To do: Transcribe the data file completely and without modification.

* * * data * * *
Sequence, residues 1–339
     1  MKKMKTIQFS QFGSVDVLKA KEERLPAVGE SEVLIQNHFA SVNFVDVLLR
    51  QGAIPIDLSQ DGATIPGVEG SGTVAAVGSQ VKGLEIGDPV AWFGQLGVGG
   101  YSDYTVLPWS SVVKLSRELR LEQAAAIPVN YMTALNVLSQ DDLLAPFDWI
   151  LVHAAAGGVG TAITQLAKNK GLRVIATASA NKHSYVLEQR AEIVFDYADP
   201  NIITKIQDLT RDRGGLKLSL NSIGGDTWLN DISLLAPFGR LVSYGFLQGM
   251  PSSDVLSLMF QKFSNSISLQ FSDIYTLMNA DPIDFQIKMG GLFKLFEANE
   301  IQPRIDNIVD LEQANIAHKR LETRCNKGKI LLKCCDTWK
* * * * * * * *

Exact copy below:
Sequence, residues 1–339
     1  MKKMKTIQFS QFGSVDVLKA KEERLPAVGE SEVLIQNHFA SVNFVDVLLR
    51  QGAIPIDLSQ DGATIPGVEG SGTVAAVGSQ VKGLEIGDPV AWFGQLGVGG
   101  YSDYTVLPWS SVVKLSRELR LEQAAAIPVN YMTALNVLSQ DDLLAPFDWI
   151  LVHAAAGGVG TAITQLAKNK GLRVIATASA NKHSYVLEQR AEIVFDYADP
   201  NIITKIQDLT RDRGGLKLSL NSIGGDTWLN DISLLAPFGR LVSYGFLQGM
   251  PSSDVLSLMF QKFSNSISLQ FSDIYTLMNA DPIDFQIKMG GLFKLFEANE
   301  IQPRIDNIVD LEQANIAHKR LETRCNKGKI LLKCCDTWK